- In the Children of the Mind, this is how Ender Wiggin finally passes away. The book describes it as feeling just like falling asleep.
- The Bible uses sleep as a metaphor for death a lot.
- The king of the Subverted Trope, Joss Whedon, does this in the pilot episode of Firefly. Kaylee, having been shot by a jumpy Alliance lawman who was after Simon, closes her eyes and goes limp; Mal goes to Simon and informs him she's dead. He rushes to the med-bay, where he finds out that not only is she alive, she's awake and talking. Turned out she was taking a nap and the rest of the crew decided to play a rather cruel joke on the man who was partially responsible for her injury.
- Played straight in episode 2 of the 2nd season of Angel. He finds the woman who betrayed him long ago. After she is forgiven, she proclaims that she will go outside after she has her rest. She never wakes up. Though the phrase she uses—"go out"—is ambiguous and could just as easily mean "die, cease to exist".
- Game of Thrones: Robb's direwolf Grey Wind dies this way when he slowly closes his eyes after being shot multiple times. Judging by the majority of reaction videos, this actually hit a lot of people harder than the human deaths that followed.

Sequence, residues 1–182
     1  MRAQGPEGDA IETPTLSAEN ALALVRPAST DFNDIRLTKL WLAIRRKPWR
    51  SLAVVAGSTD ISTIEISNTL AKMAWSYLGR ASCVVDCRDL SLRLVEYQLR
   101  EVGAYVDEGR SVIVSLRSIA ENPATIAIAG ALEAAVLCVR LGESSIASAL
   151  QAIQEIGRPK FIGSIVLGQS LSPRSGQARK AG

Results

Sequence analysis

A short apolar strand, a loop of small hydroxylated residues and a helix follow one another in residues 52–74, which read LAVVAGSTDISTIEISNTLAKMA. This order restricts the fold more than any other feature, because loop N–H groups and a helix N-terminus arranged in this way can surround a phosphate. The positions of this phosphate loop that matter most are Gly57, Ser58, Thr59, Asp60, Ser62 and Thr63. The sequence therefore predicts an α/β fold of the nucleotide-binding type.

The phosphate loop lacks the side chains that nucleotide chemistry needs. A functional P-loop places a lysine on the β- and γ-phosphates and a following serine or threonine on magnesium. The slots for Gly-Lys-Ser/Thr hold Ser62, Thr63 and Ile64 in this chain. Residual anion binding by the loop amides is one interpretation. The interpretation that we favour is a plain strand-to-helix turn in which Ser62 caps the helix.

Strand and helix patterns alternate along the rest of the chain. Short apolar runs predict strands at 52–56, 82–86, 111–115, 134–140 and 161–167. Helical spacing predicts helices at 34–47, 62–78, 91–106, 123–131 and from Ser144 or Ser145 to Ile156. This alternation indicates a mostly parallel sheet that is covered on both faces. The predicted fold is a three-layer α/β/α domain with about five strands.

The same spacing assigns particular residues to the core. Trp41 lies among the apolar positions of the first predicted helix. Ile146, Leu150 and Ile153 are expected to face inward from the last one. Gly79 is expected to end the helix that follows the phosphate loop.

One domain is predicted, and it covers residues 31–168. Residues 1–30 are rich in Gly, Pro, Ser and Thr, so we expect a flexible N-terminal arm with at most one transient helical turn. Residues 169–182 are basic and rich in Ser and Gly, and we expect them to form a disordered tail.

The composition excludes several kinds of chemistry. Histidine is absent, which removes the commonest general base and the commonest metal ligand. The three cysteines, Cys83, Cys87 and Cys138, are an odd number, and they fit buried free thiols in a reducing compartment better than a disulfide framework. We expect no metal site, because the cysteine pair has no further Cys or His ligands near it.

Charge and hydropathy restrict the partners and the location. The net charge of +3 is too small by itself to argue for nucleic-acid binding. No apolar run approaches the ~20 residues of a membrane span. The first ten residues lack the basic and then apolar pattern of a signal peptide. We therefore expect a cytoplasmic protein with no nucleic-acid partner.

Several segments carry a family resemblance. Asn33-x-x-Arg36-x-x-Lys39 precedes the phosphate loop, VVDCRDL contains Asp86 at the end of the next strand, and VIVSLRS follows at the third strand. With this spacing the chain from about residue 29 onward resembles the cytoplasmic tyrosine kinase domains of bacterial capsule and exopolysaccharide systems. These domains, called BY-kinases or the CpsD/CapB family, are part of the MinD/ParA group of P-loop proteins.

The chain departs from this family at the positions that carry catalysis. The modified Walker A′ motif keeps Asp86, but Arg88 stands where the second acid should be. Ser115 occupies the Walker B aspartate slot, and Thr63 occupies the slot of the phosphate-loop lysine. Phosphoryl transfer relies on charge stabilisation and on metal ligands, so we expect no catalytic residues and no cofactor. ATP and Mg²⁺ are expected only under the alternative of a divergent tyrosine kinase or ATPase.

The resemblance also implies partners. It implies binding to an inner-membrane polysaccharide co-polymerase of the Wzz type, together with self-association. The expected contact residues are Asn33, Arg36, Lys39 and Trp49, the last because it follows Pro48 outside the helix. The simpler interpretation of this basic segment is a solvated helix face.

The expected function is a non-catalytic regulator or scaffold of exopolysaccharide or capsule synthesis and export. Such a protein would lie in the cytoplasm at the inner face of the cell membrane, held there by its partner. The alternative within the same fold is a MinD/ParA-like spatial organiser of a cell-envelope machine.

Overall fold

- Jack Shephard in Lost goes out like this in the last scene, mirroring the opening scene of the series.
- In the Supernatural episode "All Hell Breaks Loose, Part One" (S02, Ep21), Lily dies with her eyes closed and hangs limply from a noose.
- Crisis Core: Zack Fair. What precedes it is.... less than peaceful.
- Iris' death in Mega Man X 4.
- Bartre in Fire Emblem Elibe (the 6th game) claims he is going to take a nap when he is injured fatally. Like everyone else who runs out of HP, he isn't gonna wake up. In the 7th game, he just leaves (since it's a prequel to the 6th).
- At the end of Persona 3 the protagonist, running on pure willpower after doing a Heroic Sacrifice, finally goes to "sleep" when he realizes that his True Companions are going to keep The Promise to meet up on graduation day. He falls asleep in Aigis's lap or, in the New Game+ of the Updated Re-release, in the arms of his/her lover.